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Thread: What's your Chinese name?

  1. #136
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    i have been called "crackle" at work, in reference to the rice crispy elves - in the winter i wear a big beanie that my boss says makes me look like an elf... i'd go into the sumerian aspects of U.KI and it's relation to spiritual journeys, pre-determined incarnations, coded genetic memory sequences, triggers, geometric implants, and cyclic celestial time locks, but i don't wanna bore the board with my monotonous ramblings.

  2. #137
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    Banning English names?

    Netizens find China’s alleged ban of celebs using English names excessive
    Lim Yian Lu

    Fri, 2 September 2022, 4:07 AM·2-min read

    Will Angelababy change her name back to Yang Ying? (PHOTO: AP/Ng Han Guan)
    Chinese screenwriter Wang Hailin claimed on his Weibo on Thursday (1 September) that, under the request of the Chinese National Radio and Television Administration (NRTA), Chinese artistes are not allowed to use names in foreign languages. This includes names that look foreign.

    He explained, “Yang Ying can no longer use Angelababy, and La Mu Yang Zi (which looks like a Japanese name) has to use her Chinese name.”

    Although the claim has not been verified, Chinese influencer-turned-actress La Mu Yang Zi’s Weibo post on Thursday seemed to indirectly confirm the news.

    She announced that she will be reverting to her birth name Li Jiaqi. She told her fans, “If you find my name difficult to remember, just call me by my nickname Xiao La.”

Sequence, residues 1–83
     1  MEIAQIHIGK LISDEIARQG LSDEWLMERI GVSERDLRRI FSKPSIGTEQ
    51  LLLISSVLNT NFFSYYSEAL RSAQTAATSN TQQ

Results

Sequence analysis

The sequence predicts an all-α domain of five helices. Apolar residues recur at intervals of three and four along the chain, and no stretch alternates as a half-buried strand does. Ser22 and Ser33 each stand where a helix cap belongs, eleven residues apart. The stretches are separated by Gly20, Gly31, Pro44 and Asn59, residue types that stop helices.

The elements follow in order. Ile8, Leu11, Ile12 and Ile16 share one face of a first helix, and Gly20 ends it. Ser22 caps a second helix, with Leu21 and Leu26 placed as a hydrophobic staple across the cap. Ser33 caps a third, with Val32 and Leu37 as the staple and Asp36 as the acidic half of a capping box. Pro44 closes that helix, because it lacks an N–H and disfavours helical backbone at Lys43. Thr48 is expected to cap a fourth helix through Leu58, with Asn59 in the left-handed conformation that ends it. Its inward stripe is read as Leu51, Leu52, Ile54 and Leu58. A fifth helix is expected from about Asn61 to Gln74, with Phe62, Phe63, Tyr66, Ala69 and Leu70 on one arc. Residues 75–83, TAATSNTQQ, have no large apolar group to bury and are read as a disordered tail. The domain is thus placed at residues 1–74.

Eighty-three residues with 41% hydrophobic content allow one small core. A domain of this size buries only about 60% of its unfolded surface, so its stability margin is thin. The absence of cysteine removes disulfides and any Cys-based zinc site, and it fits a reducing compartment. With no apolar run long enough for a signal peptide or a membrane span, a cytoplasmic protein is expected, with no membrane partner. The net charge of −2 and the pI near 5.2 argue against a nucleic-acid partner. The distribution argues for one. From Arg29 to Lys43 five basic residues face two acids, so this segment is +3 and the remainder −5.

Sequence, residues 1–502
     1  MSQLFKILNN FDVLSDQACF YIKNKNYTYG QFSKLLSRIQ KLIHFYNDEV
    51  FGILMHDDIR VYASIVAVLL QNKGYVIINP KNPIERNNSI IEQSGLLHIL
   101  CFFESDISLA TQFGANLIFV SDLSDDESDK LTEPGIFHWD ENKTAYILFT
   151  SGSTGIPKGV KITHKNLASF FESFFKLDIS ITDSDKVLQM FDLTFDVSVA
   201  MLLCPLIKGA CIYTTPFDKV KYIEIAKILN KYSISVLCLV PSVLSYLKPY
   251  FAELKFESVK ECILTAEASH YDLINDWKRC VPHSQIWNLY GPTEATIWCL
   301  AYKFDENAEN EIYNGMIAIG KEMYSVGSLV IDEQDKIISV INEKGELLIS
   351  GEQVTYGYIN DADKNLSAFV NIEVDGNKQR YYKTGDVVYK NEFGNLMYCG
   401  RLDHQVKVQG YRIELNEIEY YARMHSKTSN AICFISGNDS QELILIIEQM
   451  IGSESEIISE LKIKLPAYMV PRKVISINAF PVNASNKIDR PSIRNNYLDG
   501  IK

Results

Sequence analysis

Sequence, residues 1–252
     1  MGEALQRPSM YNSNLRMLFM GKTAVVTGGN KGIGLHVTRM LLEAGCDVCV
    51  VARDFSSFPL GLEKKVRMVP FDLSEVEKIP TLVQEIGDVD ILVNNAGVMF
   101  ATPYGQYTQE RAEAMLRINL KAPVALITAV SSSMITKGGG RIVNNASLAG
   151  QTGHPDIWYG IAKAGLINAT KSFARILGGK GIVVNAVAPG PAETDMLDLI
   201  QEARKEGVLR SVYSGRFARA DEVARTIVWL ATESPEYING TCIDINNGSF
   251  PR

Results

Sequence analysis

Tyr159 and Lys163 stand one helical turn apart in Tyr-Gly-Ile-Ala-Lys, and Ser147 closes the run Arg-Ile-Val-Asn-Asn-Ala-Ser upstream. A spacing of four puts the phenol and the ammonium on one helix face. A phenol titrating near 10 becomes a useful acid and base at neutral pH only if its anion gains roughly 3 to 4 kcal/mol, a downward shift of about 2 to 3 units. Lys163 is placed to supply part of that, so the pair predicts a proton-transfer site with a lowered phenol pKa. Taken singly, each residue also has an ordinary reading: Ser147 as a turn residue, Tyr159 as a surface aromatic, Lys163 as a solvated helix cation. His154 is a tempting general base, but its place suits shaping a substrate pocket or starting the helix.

However, the alleged ban did not sit well with the Chinese netizens.

    Some of them questioned if the Chinese state-owned broadcaster CCTV will change its logo, which is made up of English characters. Others felt that it was an “overkill” and mocked that they might as well cancel English classes and ban English songs and international films.

    In response to the heated discussion, Wang added that this isn’t a new rule. Since 20 years ago, the NRTA had already requested that drama subtitles cannot have English names. For instance, “Cindy” has to be modified to the Chinese equivalent “Xin Di”.

    Apparently, the supposed ban of using English names is not just limited to the media industry.

    Last year, some netizens pointed out that a new subway train line in Beijing has changed the naming of the stations. Instead of calling it “XX Station”, they have used “XX Zhan”, which is the pronunciation of “station” in Chinese.

    The Beijing Subway had replied then that they started changing some of the station names according to the requirements of China’s Geographical Names Regulations and the Hanyu Pinyin scheme.

    Wang has been known for being overly critical towards the Chinese entertainment culture. He has previously called out stars like Xiao Zhan, Dilireba, Cai Xu Kun, and Lu Han. Although some supported his views and understood his concerns, many were offended by his extreme remarks.
    I've always thought Angelababy was a weird name, but what about Jackie and Jet? Those aren't Chinese names. Perhaps they don't count because they don't go by them in PRC.
    Gene Ching
    Publisher www.KungFuMagazine.com
    Author of Shaolin Trips
    Support our forum by getting your gear at MartialArtSmart

  3. #138
    Quote Originally Posted by GeneChing View Post
    I've always thought Angelababy was a weird name, but what about Jackie and Jet? Those aren't Chinese names. Perhaps they don't count because they don't go by them in PRC.
    Uh, one of my students also has the Chinese name Jiaqi that sounds like Jackie, so she spells it that way here in America, even though its not short for Jacqueline. Its much closer than Xin Di and Cindy are, so I wonder about that Angel baby...

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